For 15 years, the minimum salary threshold required for US workers to qualify for the Fair Labor Standards Act’s “white-collar” exemptions has been $23,660 per year.

On March 7, 2019, the Department of Labor issued a new overtime proposal increasing that minimum salary threshold to $35,308 per year. The DOL estimates the new rule will take effect in January 2020.

The proposed rule updates the FLSA’s overtime exemptions for executive, administrative and professional workers and replaces a 2016 rule that is currently enjoined. Recall that in June of 2015, the DOL proposed a salary threshold of $50,440. In May 2016, when the final rule was published, that threshold ultimately was set at $47,476. In the fall of 2016, however, the regulation was enjoined by a Texas federal judge just days before it was set to take effect. This left the required salary level at $23,660 — a threshold which has been in place since 2004.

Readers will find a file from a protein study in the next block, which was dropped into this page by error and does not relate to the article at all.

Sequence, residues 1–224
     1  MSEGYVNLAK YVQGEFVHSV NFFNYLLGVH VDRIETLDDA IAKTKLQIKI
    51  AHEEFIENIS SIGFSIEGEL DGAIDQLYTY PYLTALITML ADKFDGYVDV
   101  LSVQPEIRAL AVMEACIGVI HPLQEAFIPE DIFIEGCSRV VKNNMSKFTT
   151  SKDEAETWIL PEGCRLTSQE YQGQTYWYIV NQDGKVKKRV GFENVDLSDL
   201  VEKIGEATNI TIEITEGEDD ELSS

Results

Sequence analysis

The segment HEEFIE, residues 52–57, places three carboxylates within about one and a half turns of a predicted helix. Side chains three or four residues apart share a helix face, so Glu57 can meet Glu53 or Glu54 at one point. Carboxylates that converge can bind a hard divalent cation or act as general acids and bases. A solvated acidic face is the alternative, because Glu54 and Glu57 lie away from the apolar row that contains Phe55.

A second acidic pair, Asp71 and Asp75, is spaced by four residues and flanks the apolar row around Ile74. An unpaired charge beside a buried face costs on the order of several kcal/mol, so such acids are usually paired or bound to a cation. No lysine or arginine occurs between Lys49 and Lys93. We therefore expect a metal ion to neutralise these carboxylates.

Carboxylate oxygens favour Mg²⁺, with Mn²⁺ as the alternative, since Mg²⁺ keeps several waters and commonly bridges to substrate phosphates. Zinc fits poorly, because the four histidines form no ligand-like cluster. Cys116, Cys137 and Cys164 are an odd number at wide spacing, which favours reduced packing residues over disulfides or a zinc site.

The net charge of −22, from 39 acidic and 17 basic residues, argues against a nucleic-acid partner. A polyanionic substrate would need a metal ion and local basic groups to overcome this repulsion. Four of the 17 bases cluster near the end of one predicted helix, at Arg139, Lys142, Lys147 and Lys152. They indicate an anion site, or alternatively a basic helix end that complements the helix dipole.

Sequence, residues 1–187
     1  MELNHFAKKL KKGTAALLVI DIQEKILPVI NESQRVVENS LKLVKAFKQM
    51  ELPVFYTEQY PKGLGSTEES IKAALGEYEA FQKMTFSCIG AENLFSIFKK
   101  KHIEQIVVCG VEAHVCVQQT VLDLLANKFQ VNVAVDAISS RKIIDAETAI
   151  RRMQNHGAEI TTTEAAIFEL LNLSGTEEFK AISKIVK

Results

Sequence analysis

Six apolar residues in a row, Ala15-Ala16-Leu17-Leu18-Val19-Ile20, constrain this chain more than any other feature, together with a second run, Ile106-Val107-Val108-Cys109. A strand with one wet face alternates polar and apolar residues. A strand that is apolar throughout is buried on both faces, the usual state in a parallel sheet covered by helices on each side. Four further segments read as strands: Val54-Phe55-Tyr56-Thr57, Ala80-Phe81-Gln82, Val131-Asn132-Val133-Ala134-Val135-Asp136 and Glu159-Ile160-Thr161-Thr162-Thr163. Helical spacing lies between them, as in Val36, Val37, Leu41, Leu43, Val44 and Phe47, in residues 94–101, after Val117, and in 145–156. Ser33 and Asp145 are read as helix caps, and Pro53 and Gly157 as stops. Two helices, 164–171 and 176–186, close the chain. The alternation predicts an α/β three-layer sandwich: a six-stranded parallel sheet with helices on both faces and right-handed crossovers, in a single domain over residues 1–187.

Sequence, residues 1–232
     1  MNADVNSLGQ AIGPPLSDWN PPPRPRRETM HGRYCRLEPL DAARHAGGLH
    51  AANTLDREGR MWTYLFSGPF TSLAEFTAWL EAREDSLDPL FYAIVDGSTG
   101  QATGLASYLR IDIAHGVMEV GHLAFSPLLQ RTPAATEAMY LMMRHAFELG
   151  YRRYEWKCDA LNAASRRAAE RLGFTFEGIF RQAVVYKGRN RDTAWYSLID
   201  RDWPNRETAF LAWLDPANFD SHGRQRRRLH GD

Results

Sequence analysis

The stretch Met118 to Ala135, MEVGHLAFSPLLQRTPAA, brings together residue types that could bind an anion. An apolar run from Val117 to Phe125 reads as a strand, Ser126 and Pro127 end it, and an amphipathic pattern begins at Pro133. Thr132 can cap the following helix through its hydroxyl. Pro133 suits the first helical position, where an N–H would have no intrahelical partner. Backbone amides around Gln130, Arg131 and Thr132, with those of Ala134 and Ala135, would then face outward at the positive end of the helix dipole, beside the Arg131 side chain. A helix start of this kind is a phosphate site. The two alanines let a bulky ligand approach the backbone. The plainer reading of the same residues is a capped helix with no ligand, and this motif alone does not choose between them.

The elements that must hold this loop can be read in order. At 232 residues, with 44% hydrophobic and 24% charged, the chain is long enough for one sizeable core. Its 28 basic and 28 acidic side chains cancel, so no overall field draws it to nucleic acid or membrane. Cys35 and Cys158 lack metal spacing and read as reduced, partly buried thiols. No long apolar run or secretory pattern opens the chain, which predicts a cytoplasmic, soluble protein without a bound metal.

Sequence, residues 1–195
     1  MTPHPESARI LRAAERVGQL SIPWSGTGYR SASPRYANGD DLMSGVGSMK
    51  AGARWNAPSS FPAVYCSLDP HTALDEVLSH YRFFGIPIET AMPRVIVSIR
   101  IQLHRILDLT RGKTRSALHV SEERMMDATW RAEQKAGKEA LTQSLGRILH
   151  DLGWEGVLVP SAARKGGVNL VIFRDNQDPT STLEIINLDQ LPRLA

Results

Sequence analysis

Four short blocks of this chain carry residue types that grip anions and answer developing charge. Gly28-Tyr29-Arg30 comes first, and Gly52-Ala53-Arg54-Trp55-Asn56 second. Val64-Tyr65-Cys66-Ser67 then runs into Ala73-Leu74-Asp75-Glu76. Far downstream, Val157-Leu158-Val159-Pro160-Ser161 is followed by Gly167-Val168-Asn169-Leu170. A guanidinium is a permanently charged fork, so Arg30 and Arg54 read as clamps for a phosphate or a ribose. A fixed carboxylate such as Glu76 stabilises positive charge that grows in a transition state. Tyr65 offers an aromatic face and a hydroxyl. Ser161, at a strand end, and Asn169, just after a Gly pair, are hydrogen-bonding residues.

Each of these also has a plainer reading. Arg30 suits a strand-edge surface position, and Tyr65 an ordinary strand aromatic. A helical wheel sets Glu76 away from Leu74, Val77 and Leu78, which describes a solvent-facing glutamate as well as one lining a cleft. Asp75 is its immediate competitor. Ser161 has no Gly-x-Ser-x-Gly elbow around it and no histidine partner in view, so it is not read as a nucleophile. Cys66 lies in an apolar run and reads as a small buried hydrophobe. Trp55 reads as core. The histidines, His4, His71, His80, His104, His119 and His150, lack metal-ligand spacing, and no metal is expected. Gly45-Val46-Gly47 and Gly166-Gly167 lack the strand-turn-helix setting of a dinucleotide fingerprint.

According to the DOL, the new rule will make more than one million US workers overtime-eligible.

This is a more modest expansion than the rule proposed in 2016, which would have impacted about four million US workers.

Other proposed changes:

  • Raising the salary threshold from $100,000 to $147,414 for highly-compensated employees;
  • Regular increases to that threshold every four years following public notice-and-comment periods; and
  • Allowing employers to count certain nondiscretionary bonuses and incentive payments, like commissions,  for up to 10 percent of a worker’s salary level.

For now, the DOL declined to make any changes to the “duties test,” which is an element of the existing rule that helps identify job positions that are appropriately categorized executive, administrative, or professional and eligible for FLSA’s exemptions.

Once the proposal is formally published in the Federal Register, the public has a 60-day window for comment. The DOL will then review the comments and prepare a final rule. The rule is anticipated to take effect in January 2020.

For more, please reach out to your Baker McKenzie employment lawyer.